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General => Knotting Concepts & Explorations => Topic started by: squarebanksalaska on January 11, 2014, 12:21:52 AM

Title: hitching cousins
Post by: squarebanksalaska on January 11, 2014, 12:21:52 AM
Dear Fellow knotters,

So I was playing around with some double loop hitch knots made with a bight on the working end, and changed the bight around to the standing end, and I don't know what they are (which surely shows my ignorance).  But I thought that there interrelatedness was interesting, and how small changes make big changes.  I am trying to figure out if they can be tied in the bight.  I am sure that if you reverse working and standing end some of them can be, but I don't know if these can.  Are these related to the cow hitch?  Or the clove?  Or what family do they belong to?  And what are they called?

  Keep on truckin'

Title: Re: hitching cousins
Post by: squarebanksalaska on January 11, 2014, 12:23:00 AM
hitch 3
Title: Re: hitching cousins
Post by: squarebanksalaska on January 11, 2014, 12:24:04 AM
hitches 2 and 1
Title: Re: hitching cousins
Post by: squarebanksalaska on January 11, 2014, 12:50:11 AM
hitch 5 = hitch 3 with the working end tucked through the bight.  much tighter.
Title: Re: hitching cousins
Post by: xarax on January 11, 2014, 01:43:59 AM
  Congratulations ! Hitch #4, at the first post, is a fine two-wrap hitch. ( It was unknown to me, but that does not mean much, because my knowledge of the knotting litterature is more limited than yours, that is for sure !  :) However, although I believe that I have tied many two-wrap hitches, I have not met this one ). It reminds me a hitch presented some time ago by Oneiros (1)-(2), shown at the attached pictures - but it is much simpler. It has no relation to the Cow hitch, none whatsoever, and I doubt it has any relation to the Clove hitch either. It goes sttaight into my favourite 2-wrap hitches file, along with your previous, Timber-hitch like one.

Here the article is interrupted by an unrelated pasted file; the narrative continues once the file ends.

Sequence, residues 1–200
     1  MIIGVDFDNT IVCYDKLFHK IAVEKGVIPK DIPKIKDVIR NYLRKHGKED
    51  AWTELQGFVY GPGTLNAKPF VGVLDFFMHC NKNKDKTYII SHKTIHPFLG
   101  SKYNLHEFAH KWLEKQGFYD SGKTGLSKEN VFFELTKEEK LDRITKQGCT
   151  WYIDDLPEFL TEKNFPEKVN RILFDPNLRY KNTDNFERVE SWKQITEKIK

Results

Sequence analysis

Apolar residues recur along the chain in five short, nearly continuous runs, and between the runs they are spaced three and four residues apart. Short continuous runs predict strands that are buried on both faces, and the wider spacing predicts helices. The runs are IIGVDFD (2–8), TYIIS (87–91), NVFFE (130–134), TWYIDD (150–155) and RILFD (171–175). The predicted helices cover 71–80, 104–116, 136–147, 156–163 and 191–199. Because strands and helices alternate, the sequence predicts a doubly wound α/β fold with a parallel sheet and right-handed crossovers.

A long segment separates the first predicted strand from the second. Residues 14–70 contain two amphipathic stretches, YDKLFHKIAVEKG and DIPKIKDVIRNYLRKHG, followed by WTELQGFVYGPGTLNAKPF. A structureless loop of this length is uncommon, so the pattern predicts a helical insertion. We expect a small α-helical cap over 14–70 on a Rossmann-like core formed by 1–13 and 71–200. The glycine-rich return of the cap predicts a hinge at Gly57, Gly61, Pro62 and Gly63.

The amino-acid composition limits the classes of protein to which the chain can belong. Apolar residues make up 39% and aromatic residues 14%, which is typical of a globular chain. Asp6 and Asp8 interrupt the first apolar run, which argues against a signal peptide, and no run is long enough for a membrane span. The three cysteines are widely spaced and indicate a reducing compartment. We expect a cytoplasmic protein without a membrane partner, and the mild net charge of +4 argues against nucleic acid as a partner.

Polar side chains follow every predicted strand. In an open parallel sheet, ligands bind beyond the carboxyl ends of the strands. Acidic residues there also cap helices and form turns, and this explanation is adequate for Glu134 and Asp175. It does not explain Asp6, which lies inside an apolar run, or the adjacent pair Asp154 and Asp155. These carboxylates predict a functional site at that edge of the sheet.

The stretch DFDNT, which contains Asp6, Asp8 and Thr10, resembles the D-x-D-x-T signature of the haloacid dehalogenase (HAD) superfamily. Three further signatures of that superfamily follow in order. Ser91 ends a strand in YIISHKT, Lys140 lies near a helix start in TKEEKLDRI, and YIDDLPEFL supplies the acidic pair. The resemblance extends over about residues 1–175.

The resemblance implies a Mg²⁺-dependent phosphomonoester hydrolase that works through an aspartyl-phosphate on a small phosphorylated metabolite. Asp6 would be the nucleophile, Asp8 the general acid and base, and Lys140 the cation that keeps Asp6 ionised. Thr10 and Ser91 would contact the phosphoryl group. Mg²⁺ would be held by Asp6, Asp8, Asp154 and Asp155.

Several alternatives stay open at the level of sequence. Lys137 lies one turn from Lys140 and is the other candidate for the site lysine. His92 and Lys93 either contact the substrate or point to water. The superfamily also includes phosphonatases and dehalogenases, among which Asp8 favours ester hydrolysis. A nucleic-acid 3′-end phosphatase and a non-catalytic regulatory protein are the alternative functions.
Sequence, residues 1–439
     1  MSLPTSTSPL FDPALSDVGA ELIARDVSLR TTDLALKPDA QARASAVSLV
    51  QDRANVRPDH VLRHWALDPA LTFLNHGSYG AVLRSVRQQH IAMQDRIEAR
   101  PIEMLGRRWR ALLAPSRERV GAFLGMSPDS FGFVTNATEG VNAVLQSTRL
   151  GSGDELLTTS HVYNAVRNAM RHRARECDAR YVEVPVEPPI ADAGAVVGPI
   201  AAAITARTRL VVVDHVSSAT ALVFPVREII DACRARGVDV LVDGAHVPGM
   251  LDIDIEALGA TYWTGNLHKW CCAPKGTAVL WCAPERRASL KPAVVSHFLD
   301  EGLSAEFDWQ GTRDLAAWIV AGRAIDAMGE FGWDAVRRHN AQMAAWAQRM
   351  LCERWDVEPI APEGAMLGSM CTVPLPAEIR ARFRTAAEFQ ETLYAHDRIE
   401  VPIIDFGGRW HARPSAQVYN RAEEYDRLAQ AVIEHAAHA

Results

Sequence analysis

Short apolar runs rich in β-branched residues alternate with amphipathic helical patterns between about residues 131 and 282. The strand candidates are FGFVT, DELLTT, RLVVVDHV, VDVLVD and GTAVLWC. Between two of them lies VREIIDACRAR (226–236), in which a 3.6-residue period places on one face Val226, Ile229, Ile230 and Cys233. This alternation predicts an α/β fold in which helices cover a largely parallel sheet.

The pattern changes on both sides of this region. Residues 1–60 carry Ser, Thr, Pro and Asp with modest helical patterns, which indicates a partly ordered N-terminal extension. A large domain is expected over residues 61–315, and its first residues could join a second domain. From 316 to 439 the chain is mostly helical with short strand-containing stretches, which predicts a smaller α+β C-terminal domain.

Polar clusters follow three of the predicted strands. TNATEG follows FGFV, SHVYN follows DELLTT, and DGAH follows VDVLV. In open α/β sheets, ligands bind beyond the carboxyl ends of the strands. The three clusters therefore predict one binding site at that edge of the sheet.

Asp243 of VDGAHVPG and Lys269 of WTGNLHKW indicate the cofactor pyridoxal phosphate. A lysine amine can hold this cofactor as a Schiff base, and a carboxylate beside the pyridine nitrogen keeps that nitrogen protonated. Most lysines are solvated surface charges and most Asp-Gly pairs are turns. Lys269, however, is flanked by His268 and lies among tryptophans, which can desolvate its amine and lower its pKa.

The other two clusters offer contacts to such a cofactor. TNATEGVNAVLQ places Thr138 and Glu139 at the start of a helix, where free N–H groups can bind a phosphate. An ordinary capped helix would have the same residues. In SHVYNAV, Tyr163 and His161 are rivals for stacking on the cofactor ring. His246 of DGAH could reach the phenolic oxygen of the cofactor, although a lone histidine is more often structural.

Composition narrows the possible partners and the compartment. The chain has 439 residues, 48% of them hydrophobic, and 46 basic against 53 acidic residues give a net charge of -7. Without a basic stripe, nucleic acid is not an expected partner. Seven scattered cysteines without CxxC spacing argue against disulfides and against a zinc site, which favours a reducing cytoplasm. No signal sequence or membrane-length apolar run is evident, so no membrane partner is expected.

Title: Re: hitching cousins
Post by: xarax on January 11, 2014, 03:21:03 AM
   Now, if you really wish a Cow hitch cousin, resembling some hitches you show in this thread, you can implement the "locking" mechanism described at (1) - based on the great nipping potential of two loaded opposing bights on any line that goes through them - and arrive at the hitch shown at the attached picture. It is not as tight as the Locked Cow hitch presented at (2),(3), but it is a simple and secure two-wrap hitch nevertheless. To facilitate its release when the Standing end is still under some tension, and to gain some additional stiffness, the Tail end can be slipped.

Title: Re: hitching cousins
Post by: squarebanksalaska on January 11, 2014, 06:23:48 AM
That cow hitch is pretty wonderful, I also have been trying the simple hitch a la gleipnir.  I actually started playing around with these 5 hitches after reading your post in the one with the lifting hitch, trying to find other simple mechanisms to finish that triple wrap and also trying some pile hitch like things.  One of them, I think it was #4 looked pretty promising, but it looked like the working end would be a better knot, so then I had to reverse engineer it, and as a novice (at best) knot tyer, it took me a while.  I also cut a good chunk of my thumb off at work a few weeks ago which makes me an even worse knotter. 

But then I kind of liked the structure with the bight (or would that be a turn?) in the standing end, and then wrapping back around.  They seem almost too simple to be new knots, but I don't have Ashley's Book of Knots, but I with being on workers' comp for the last couple of weeks, I have had a chance try my hand at some knotting again.  I have read a ton of your posts, and have been enjoying my couple weeks of "retirement".  I also highly enjoy your and Mr. Lehman's lively banter, it brings out the color in the world of knotting that I never would have guessed existed.